Montessori playrooms, homes, and classrooms are just sparser than their mainstream counterparts. It’s an easy difference to see and one that makes a HUGE difference to a child. But, seriously, why is having too many toys a problem in a Montessori home?
Well, there are a few reasons. Any number of these reasons is reason enough to take a hard look at how many toys you have out and whether it’s working for your children.
One, a room full of toys is overwhelming to a child, especially a baby or toddler. It can be difficult to choose anything to play with when there are so many choices. So, what value is there to the child if the child is unable to actually use it? I think many of us have experienced a child walking into a playroom, sifting around for a bit and then claiming to be bored.
“We must therefore create a favourable environment that will encourage the flowering of a child’s natural gifts. All that is needed is to remove the obstacles.” Maria Montessori
Before Montessori, I would see my child do this and assume his boredom meant he didn’t like what we had. So, I would buy another toy, gadget, or container. It never once occurred to me that he may just be completely overwhelmed by the choices.
Related to this, what fun is it to play with a puzzle, if you have to search for the pieces first? Or if the parts to the stacker are at the bottom of the toy box. It’s almost physically impossible for a young child to focus on one activity if they have to gather everything from a crowded room or bin.
“The little child’s need for order is one of the most powerful incentives to dominate his early life.” Maria Montessori
Next, rooms full of toys can disrupt a child’s sense of order. The sensitive period for order starts at birth and continues until between age 5 to 6. It peaks somewhere between 18 months and 2.5. When we have things everywhere, children are unable to maintain the natural order they crave so much. Without this order, they can seem sort of lost.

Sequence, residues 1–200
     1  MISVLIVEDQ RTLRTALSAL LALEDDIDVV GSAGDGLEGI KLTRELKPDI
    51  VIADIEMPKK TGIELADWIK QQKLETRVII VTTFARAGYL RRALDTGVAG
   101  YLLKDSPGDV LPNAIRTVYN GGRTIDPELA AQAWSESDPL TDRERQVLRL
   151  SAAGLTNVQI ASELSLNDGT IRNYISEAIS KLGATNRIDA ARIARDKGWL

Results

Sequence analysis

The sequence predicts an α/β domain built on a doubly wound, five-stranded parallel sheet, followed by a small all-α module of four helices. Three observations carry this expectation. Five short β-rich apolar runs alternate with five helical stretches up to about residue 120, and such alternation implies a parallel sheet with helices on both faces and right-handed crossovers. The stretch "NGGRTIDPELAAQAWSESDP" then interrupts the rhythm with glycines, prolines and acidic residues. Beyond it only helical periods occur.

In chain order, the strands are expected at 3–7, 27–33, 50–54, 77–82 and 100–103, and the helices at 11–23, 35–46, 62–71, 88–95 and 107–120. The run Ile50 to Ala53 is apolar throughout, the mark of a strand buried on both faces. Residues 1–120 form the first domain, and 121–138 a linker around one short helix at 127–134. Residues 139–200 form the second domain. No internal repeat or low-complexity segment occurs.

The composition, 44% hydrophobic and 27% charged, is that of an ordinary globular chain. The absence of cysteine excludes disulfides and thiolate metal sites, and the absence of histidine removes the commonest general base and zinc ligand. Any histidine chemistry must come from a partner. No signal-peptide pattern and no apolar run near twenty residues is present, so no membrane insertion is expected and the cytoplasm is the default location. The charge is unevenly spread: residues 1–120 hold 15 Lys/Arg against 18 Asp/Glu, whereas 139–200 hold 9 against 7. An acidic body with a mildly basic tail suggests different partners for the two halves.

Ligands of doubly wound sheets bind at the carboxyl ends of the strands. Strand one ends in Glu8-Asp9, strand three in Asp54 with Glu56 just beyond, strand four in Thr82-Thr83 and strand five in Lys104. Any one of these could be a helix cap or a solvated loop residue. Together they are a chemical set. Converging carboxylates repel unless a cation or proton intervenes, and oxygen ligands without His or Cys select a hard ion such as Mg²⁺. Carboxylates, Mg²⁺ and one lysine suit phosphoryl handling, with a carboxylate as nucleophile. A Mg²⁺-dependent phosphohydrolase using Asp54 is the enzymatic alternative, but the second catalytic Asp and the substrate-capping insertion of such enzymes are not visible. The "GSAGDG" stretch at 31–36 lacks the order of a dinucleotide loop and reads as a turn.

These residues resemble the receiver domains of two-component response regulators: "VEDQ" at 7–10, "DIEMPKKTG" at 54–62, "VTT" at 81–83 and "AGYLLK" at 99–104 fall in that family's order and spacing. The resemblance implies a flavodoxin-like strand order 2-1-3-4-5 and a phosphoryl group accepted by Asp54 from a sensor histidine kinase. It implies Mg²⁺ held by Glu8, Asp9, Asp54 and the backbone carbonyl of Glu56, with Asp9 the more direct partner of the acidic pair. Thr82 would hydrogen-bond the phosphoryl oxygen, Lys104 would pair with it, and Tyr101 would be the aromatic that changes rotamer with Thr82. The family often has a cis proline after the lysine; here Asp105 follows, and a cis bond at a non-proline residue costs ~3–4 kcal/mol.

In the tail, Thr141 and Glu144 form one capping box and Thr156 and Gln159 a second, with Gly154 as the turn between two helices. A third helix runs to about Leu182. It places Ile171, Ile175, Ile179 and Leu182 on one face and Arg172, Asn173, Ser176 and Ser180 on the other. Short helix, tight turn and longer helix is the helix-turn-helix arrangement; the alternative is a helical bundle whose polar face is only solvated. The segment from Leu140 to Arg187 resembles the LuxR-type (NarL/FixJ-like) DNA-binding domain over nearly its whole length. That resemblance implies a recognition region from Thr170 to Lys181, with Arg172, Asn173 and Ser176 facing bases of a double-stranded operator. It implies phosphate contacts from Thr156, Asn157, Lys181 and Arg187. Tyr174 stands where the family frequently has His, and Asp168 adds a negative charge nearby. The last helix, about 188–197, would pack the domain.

When that sense of order is disrupted, so is their concentration, and independence. This sense of order produces a natural happiness for children. It helps them to orient themselves in their environment, it literally stitches together the entire environment and their own relationship within it.
Practically, it can just be a source of stress — for both the child and the parent. How much time is spent just trying to keep the room somewhat usable? How much struggling between the parent and the child is done to maintain the area? Or, the amount of time at night I spent cleaning up after Henry went to bed.
Now, I’m not saying that Montessori will cure all of these issues and your kids are going to magically start cleaning everything up, but it has made a huge difference. When there is a place for everything and everything in its place, it really is so much easier for everyone to maintain that order. And so many of those struggles disappear.
Finally, it’s usually just not beautiful. I know my playroom wasn’t before Montessori. It was dread. It was stuff thrown everywhere in bins, along the walls, on the floors. It would get so messy Henry couldn’t walk. You couldn’t find pieces, toys randomly started making noises, I got foot injuries from stepping on the junk. This is a clear issue.
“The child should live in an environment of beauty.” Maria Montessori
When toys are everywhere, it doesn’t call to the child. It doesn’t suck the child in. It doesn’t invite the child to work. All of which is so so important for you and the child. And if it isn’t beautiful, then you know it’s not working.
And, the solution, is to get rid of those toys!
The above article is from a blog by a Montessori mom. http://www.thekavanaughreport.com/